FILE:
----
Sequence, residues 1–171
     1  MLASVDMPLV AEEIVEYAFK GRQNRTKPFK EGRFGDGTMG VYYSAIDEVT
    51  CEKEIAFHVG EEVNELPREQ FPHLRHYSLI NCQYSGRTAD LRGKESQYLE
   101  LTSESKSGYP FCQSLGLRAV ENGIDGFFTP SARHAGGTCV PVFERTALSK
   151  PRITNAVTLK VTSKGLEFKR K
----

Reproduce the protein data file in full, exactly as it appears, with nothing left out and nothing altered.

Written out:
Sequence, residues 1–171
     1  MLASVDMPLV AEEIVEYAFK GRQNRTKPFK EGRFGDGTMG VYYSAIDEVT
    51  CEKEIAFHVG EEVNELPREQ FPHLRHYSLI NCQYSGRTAD LRGKESQYLE
   101  LTSESKSGYP FCQSLGLRAV ENGIDGFFTP SARHAGGTCV PVFERTALSK
   151  PRITNAVTLK VTSKGLEFKR K